Seeking expertise, interest
Frierson founded Citizens for 1 Greater New Orleans shortly after returning to New Orleans following Hurricane Katrina, with a specific focus on reworking the area’s levee boards to ensure the members had the expertise and level of interest needed to act as checks on the work being done by the U.S. Army Corps of Engineers. That included ensuring the new regional boards were independent of political influence.
In that fight, Frierson and her group as a whole earned a reputation for being direct and firm with lawmakers, but without directly attacking them. “She does it with a lot of grace and a lot of style. It’s not any kind of harshness or hardness. She would never attack anybody,” Haynes said. “She’s got a lot of wit and she’s quick and sharp, but it’s in a very gracious and gentle way.”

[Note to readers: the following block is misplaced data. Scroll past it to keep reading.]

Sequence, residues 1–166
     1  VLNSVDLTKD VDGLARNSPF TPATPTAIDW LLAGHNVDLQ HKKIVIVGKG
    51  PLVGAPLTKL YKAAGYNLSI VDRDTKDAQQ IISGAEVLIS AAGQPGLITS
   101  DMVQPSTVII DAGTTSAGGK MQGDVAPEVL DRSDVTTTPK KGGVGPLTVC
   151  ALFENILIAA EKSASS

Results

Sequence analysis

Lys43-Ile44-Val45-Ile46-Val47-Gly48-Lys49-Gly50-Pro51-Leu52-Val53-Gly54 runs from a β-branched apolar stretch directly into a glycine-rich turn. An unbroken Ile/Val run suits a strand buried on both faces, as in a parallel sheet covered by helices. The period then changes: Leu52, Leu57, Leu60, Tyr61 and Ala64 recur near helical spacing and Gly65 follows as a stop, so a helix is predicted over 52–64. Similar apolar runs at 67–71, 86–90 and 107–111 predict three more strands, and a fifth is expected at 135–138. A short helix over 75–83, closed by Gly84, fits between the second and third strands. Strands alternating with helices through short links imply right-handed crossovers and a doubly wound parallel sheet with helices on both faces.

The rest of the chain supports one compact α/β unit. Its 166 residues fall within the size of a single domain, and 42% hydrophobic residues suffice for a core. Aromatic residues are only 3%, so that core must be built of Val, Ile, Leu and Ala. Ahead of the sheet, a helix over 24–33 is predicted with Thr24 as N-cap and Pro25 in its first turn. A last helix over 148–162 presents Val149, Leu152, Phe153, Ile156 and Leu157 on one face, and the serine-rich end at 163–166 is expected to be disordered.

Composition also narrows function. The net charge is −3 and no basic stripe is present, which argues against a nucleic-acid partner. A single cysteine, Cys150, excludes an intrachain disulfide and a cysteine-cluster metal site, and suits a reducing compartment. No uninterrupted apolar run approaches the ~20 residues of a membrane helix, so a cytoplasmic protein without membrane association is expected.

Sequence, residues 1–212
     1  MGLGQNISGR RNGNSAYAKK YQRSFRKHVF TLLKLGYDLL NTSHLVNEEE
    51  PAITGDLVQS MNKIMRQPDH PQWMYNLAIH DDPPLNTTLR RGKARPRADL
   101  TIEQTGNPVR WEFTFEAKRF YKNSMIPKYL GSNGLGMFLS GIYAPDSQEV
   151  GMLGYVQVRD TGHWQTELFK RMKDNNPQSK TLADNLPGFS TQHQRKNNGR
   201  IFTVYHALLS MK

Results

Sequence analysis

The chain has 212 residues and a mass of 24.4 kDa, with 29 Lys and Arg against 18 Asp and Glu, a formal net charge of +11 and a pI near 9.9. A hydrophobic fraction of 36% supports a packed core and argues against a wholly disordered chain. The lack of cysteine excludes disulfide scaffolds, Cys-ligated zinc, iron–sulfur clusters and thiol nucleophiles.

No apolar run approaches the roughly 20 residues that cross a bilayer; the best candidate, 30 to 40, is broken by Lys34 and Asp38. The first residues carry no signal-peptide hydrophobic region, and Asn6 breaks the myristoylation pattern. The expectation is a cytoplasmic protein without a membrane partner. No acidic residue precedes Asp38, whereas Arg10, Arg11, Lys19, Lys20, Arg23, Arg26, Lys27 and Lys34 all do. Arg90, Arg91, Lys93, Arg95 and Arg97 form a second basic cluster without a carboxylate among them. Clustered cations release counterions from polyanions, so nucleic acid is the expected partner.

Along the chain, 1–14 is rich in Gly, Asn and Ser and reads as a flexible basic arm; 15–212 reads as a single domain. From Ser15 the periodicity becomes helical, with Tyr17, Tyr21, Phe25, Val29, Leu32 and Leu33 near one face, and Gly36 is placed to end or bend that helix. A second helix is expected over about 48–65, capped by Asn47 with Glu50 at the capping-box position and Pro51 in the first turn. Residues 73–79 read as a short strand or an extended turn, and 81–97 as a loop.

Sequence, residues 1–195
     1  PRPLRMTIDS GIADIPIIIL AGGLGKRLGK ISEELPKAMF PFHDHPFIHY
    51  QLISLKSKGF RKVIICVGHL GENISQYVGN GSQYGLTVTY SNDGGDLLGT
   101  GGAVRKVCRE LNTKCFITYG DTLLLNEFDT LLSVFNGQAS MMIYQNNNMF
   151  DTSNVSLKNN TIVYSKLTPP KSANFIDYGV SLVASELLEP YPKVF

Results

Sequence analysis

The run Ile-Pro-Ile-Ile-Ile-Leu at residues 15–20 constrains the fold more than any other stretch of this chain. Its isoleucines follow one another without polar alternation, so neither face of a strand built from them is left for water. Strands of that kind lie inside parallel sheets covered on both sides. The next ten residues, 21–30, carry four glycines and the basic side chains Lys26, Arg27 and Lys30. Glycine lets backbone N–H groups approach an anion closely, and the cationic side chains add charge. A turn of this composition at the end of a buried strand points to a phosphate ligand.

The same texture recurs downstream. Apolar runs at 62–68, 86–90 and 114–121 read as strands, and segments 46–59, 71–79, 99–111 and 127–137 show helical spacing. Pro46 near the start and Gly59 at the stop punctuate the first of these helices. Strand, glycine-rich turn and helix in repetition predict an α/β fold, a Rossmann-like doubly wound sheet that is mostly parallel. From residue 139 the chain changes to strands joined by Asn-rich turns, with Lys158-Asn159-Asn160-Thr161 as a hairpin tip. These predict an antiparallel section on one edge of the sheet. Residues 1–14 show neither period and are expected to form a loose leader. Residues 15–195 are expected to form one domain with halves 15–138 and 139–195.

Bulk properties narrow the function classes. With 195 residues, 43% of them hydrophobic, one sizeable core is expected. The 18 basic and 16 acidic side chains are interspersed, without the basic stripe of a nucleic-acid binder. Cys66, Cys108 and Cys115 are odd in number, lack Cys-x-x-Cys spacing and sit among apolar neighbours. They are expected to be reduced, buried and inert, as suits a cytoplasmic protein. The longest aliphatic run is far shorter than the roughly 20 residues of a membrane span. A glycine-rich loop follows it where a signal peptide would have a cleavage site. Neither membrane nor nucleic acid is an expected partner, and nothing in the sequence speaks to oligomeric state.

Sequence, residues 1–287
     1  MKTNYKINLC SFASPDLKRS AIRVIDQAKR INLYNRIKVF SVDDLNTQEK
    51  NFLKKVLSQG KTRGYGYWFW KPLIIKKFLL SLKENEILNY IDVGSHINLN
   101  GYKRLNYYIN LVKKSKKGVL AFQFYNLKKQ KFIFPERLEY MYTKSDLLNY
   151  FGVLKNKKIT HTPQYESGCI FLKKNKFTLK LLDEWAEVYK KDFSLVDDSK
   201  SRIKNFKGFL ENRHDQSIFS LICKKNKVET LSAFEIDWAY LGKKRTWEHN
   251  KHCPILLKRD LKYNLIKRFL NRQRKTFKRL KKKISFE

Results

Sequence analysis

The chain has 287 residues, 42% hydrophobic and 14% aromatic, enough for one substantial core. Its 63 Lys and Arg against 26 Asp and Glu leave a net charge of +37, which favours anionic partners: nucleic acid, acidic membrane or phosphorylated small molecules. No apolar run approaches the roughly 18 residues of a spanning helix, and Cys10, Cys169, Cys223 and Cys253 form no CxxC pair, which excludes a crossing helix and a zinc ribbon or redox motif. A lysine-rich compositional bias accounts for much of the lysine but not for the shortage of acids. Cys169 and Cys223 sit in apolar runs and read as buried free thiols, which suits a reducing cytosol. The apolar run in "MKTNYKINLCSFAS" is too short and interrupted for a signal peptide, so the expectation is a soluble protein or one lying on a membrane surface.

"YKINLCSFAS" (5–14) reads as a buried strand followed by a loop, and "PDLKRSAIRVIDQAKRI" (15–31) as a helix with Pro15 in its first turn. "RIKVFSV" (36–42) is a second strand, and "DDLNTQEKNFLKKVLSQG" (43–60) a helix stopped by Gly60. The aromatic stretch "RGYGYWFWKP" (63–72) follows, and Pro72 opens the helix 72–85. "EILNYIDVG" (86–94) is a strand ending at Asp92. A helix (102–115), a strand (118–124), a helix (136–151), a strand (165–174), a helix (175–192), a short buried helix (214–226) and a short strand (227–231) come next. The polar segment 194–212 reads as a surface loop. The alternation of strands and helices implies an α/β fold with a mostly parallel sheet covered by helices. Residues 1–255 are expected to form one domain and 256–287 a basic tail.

The group’s assertiveness — without aggressiveness — has earned it respect from lawmakers who are on its side.
“It really makes you feel good when you see them up there beating up on the other guys because they don’t take no for an answer,” Appel said.
Citizens for 1 Greater New Orleans has not been dormant since the fights to overhaul the levee boards and then to combine what had been seven assessor offices in New Orleans into one. In fact, its membership has grown, Frierson said.
But the organization has since focused on issues less likely to fall into the spotlight, like court-monitoring programs in New Orleans.
Now back in the public eye, Frierson said the group will keep fighting.
“We’ll have to see how those votes come out,” she said. “We’re there as strong as ever in our commitment.”